Valentin Schneider-Lunitz, Jorge Ruiz-Orera, Norbert Hubner, Sebastiaan van Heesch
RNA-binding proteins (RBPs) can regulate more than a single aspect of RNA metabolism. We searched for such previously undiscovered multifunctionality within a set of 143 RBPs, by defining the predictive value of RBP abundance for the transcription and translation levels of known RBP target genes across 80 human hearts. This led us to newly associate 27 RBPs with cardiac translational regulation in vivo.
RNA-protein interactions are crucial for a wide range of processes in multiple subcellular compartments, including RNA transcription, splicing, editing, transport, stability, localization, and translation. Using state-of-the-art mass spectrometry-based approaches, recent studies have identified up to thousands of potential RNA-binding proteins (RBPs), although for many their precise roles remain unknown.
Materials and methods
Ribosome profiling and RNA sequencing data analysis
We re-analyzed ribosome profiling (Ribo-seq) and matched RNA-seq datasets from 80 human hearts that we generated and published previously (EGA accession code: EGAS00001003263). In short, Ribo-seq reads were clipped for residual adapters using FASTX toolkit. Reads mapping to the mitochondrial RNA, ribosomal RNA and tRNA sequences were removed from downstream analysis.
Target gene enrichment
To identify RBPs that are putative modulators of target gene mRNA abundance and/or TE, we calculated the frequency with which target genes supported with CLIP-seq data correlated significantly with each RBP.
Increasing evidence suggests that RBPs can act as multifunctional gene expression regulators. Here, we built an in-silico method for the large-scale analysis of RBP-driven regulation using correlation as a proxy for mRNA abundance and translational efficiency (TE) of target genes across 80 human heart samples.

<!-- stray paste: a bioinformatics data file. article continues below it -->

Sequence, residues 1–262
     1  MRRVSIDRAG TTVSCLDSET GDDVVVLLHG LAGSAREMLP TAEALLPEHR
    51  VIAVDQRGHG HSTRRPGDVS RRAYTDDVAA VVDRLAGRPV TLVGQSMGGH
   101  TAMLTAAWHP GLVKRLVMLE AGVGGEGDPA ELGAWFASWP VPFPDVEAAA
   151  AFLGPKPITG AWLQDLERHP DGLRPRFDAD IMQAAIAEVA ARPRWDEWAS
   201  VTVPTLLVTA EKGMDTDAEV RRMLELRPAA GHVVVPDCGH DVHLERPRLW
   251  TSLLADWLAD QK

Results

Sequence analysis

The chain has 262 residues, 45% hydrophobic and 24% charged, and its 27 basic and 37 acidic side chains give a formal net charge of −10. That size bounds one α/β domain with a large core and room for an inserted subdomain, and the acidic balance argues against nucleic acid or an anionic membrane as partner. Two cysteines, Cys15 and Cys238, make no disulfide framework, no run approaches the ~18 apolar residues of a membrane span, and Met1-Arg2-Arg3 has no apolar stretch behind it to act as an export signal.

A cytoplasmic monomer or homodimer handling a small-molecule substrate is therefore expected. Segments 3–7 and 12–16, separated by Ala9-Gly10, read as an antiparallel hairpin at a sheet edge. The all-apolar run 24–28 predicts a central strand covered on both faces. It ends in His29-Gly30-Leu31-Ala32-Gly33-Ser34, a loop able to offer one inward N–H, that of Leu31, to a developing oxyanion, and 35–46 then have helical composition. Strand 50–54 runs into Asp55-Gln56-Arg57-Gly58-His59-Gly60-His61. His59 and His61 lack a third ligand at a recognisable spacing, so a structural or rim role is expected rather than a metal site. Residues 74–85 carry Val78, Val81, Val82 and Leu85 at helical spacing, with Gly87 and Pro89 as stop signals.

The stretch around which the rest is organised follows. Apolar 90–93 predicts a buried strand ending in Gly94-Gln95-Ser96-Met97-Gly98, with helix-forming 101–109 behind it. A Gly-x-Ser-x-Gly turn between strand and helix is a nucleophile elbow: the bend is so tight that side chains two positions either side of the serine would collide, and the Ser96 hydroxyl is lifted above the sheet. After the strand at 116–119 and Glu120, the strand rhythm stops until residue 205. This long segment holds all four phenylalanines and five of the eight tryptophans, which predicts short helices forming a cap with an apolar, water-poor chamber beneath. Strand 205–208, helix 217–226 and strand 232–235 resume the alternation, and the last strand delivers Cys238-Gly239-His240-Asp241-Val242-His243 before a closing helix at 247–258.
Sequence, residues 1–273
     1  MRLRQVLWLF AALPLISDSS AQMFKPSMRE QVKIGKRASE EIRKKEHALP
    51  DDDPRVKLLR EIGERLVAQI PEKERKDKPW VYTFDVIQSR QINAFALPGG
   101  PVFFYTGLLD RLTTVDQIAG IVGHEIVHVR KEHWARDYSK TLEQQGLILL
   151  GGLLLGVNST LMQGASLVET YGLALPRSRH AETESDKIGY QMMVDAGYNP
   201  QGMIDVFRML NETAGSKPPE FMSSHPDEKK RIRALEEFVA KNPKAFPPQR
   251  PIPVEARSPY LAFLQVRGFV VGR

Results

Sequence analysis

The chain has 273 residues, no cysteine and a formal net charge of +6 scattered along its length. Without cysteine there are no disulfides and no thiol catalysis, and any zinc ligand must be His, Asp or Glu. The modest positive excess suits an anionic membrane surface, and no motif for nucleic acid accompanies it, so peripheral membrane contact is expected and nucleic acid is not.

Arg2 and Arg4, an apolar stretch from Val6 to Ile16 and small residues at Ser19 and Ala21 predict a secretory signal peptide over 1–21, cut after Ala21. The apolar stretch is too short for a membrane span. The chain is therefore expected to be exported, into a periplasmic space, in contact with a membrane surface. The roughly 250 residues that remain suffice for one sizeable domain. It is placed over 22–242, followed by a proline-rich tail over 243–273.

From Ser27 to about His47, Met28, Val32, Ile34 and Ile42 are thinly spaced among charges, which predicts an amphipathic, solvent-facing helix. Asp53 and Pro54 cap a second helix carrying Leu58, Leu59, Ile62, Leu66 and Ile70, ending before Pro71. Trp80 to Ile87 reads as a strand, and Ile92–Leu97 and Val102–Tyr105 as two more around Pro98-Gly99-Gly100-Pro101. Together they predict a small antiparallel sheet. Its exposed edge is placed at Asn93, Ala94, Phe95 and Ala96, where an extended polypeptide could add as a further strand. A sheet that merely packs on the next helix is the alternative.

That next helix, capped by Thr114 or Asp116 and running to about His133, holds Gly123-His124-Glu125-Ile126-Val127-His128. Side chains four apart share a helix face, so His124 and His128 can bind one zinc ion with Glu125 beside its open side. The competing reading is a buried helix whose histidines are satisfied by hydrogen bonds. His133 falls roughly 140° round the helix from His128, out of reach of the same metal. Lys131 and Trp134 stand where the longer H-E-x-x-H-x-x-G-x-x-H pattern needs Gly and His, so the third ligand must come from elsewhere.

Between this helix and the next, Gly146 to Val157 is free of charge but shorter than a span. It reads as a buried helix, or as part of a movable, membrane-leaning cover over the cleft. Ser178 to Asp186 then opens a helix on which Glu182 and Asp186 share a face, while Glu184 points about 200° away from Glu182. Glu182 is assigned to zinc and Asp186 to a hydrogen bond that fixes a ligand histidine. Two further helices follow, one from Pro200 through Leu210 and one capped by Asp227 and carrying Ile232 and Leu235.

Citation: Schneider-Lunitz V, Ruiz-Orera J, Hubner N, van Heesch S (2021) Multifunctional RNA-binding proteins influence mRNA abundance and translational efficiency of distinct sets of target genes. PLoS Comput Biol 17(12): e1009658. https://doi.org/10.1371/journal.pcbi.1009658
Editor: Greg Tucker-Kellogg, National University of Singapore, SINGAPORE
Received: August 2, 2021; Accepted: November 18, 2021; Published: December 8, 2021.
Copyright: © 2021 Schneider-Lunitz et al. This is an open access article distributed under the terms of the Creative Commons Attribution License, which permits unrestricted use, distribution, and reproduction in any medium, provided the original author and source are credited.
Data Availability: This study includes no newly generated data deposited in external repositories. Accession numbers for all data used in this study have been reported within the Materials and Methods section with reference to the studies that generated and published the data. All scripts generated for the analyses are available via the GitHub development platform at: https://github.com/vschnei/Dual-function_RBP_manuscript_analysis.
Funding: This work was supported by the European Union’s Horizon 2020 research and innovation programme [European Research Council (ERC) advanced grant, grant agreement n° AdG788970 to N.H.; https://erc.europa.eu]; the Leducq Foundation [11 CVD-01 to N.H.; https://www.fondationleducq.org]; and the "Bundesministerium für Bildung und Forschung" [grant CaRNAtion to N.H; https://www.dfg.de]. The funders had no role in study design, data collection and analysis, decision to publish, or preparation of the manuscript.
Competing interests: The authors have declared that no competing interests exist.